Bill Knight column for Mon., Tues. or Wed., Sept. 15, 16 or 17
A year ago this week, this column in a piece titled “Bombing? Are you Syria?” noted, “Maybe some sort of measured response – by the world – would not be unreasonable. What is unreasonable is looking at the situation – a ruthless authoritarian leader … angering a U.S. President who disregards Congress in considering a military campaign, and media becoming excited at the prospect of such dramatic action – and expecting the outcome to be much different than before. That’s insanity.”
“Crazy” may be an apt description of ISIS, which is ruthless in its treatment of conquered people and vicious in its wholesale slaughter of enemy troops and journalists. But there’s method to their madness. In seeking the drama of a confrontation with the United States, they provoke aggressive action against them to generate more support.
“Chaotic” describes the region, as well. Syrian dictator Bashar al-Assad – whose regime last summer probably used chemical-biological weapons against civilians, killing 1,400 – also is fighting the self-styled Sunni ISIS in the civil war involving others, including rebels tied to Shiite forces, and other, smaller groups.
Military intervention, however “modest” or “targeted” one depicts it, can escalate into full-scale regional conflict.
Besides being ineffective, unilateral U.S. military attacks on Syria would be illegal. First, the U.S. Constitution clearly states that Congress has the power to declare war, and those on Capitol Hill who advocate war should stand up and say so, or sit down and shut up. The White House also should remember then-Sen. Obama’s statement, “The president does not have power under the Constitution to unilaterally authorize a military attack in a situation that does not involve stopping an actual or imminent threat.”
U.S. military strikes would violate international law, too. The United Nations Charter makes it illegal for one country to use force or threaten to use force against another country, and forbids intervention in an internal or domestic dispute in a foreign country. Plus, common sense says that noncombatants would inevitably be killed in such a misadventure; “collateral damage” remains the preferred, sanitized term for killing people who aren’t soldiers or terrorists.
Here, now, the world needs a genuine United Nations force, even temporarily, to contain and eliminate ISIS, whether freezing its finances, suffocating its trade, seizing its arms, or “imprisoning” them where they are while offering humanitarian assistance to refugees, with minimal fighting.
Already, ISIS’ foes include not just the Usual Global Suspects, such as Israeli Prime Minister Benjamin Netanyahu and UK Prime Minster David Cameron. The Arab League in general and Saudi Arabia in particular oppose ISIS, as do – incredible Strange Bedfellows – Hamas and Hezbollah, Syria’s Assad and Iraq’s new Prime Minister Haider al-Abadi.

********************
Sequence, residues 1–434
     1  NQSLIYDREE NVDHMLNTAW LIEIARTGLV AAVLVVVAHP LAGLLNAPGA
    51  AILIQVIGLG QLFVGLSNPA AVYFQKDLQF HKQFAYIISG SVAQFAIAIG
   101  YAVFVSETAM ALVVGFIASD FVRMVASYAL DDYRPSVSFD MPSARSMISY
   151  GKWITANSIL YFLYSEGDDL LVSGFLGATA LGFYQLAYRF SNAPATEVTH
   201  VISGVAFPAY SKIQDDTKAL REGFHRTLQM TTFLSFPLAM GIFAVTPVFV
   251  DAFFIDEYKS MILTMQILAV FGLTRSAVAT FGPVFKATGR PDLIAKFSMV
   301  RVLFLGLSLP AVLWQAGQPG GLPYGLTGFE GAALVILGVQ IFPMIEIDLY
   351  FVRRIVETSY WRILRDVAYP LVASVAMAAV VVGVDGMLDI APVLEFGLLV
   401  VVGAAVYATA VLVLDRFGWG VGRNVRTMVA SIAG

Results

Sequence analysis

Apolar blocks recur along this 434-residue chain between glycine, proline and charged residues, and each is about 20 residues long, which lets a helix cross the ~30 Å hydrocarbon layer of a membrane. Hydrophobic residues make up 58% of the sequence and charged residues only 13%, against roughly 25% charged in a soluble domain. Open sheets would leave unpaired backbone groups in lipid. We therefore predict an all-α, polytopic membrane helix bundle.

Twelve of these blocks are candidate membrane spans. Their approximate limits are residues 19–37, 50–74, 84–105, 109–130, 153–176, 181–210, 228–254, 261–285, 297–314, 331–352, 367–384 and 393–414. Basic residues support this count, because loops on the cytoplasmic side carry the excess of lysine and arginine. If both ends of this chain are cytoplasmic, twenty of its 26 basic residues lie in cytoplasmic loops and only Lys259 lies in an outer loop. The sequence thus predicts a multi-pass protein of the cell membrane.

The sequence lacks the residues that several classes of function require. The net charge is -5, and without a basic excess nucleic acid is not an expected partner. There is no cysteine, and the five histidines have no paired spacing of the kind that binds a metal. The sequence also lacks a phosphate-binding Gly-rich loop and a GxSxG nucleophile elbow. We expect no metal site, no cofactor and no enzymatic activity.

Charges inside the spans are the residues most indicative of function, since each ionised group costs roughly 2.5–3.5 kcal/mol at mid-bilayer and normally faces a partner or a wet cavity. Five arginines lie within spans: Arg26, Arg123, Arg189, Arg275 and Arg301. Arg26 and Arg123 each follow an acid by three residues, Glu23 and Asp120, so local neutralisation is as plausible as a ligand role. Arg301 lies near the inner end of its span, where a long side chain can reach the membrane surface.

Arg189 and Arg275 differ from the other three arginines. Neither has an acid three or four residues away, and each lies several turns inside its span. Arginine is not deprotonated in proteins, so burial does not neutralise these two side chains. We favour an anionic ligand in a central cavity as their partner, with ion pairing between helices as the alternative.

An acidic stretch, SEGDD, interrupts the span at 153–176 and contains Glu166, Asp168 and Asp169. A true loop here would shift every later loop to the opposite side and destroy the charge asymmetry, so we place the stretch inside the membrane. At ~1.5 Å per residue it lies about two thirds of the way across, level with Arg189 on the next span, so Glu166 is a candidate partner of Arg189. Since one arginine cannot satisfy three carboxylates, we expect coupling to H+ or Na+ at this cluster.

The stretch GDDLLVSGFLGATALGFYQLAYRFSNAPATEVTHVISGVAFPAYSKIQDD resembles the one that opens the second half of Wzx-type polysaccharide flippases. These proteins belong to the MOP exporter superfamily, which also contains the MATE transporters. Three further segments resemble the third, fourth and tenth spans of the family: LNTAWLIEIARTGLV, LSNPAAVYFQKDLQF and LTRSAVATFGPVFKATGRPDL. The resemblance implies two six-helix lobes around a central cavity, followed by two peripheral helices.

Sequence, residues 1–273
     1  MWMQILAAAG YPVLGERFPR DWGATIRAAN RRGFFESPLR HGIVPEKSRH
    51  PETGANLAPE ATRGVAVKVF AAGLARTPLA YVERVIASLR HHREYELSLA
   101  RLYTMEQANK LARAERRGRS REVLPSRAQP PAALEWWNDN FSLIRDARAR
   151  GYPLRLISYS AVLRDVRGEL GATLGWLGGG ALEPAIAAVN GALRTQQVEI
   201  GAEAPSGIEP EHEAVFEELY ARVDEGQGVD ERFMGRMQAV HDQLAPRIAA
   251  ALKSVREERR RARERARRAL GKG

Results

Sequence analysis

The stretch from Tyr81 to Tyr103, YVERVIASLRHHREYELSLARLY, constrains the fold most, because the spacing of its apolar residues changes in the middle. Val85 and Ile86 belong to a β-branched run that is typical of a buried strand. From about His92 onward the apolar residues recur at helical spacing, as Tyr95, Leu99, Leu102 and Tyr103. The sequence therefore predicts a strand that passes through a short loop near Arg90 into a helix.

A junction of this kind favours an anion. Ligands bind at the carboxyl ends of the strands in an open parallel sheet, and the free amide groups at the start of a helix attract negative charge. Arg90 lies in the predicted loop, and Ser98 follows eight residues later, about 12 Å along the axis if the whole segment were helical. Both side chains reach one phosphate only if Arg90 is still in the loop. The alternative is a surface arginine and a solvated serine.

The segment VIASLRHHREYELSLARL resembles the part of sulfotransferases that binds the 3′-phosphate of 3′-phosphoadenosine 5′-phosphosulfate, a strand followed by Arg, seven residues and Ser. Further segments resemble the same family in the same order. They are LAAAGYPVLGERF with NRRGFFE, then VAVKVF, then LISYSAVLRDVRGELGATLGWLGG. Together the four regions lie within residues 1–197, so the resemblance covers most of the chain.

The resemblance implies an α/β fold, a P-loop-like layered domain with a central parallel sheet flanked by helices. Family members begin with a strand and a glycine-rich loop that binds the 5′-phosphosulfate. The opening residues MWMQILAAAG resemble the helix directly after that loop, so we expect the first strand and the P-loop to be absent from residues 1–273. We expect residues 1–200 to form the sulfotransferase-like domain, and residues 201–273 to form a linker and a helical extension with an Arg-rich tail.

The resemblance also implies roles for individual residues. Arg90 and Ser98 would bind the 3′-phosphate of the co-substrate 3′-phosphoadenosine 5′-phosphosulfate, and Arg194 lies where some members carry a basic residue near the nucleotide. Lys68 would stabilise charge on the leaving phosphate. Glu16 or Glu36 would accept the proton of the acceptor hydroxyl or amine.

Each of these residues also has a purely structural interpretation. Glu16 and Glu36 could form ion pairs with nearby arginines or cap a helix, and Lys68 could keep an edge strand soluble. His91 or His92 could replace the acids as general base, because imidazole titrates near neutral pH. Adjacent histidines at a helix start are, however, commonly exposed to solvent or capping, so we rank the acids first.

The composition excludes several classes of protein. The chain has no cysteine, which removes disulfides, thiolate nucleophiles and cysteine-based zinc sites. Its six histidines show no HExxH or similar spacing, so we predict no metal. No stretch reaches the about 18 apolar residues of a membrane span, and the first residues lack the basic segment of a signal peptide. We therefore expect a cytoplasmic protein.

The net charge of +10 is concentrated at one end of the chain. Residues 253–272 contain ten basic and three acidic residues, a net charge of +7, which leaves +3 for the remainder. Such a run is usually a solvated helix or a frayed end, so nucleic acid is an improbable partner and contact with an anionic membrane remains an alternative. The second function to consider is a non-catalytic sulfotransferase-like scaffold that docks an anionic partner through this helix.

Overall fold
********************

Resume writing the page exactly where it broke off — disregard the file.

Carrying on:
But any effective action requires true international action: China and South Africa, Iceland and Brazil, Norway and New Zealand…?
Also required: less rhetoric and more intelligence, analysis and thought, brought to bear and shared with the public. (We’ve been kept in the dark and lied to before.)
Thankfully, some journalists aren’t accepting the push to war. New York Times reporters Mark Landler, Mark Mazzetti and Eric Schmitt last week wrote, “As President Obama prepares to send the United States on what could be a years-long military campaign against the militant group, American intelligence agencies have concluded that it poses no immediate threat to the United States. Some officials and terrorism experts believe that the actual danger posed by ISIS has been distorted in hours of television punditry and alarmist statements by politicians, and that there has been little substantive public debate about the unintended consequences of expanding American military action in the Middle East.”
The distortions have influenced the people. According to a Washington Post-ABC News poll, 71 percent of all Americans now support airstrikes against the ISIS terrorists – up from 54 percent three weeks ago and from 45 percent in June.
That compares to last September, when the non-partisan Pew Research Center found that just 28 percent of Americans favored military action, including airstrikes, in Syria while 63 percent opposed them.
Ineffective, illegal and unnecessary, Obama’s airstrikes make it increasingly difficult to dream of that moment envisioned by Illinois poet journalist Carl Sandburg, who wrote, “Sometime they'll give a war and nobody will come.”
[PICTURED: Graphic from antiwar.com]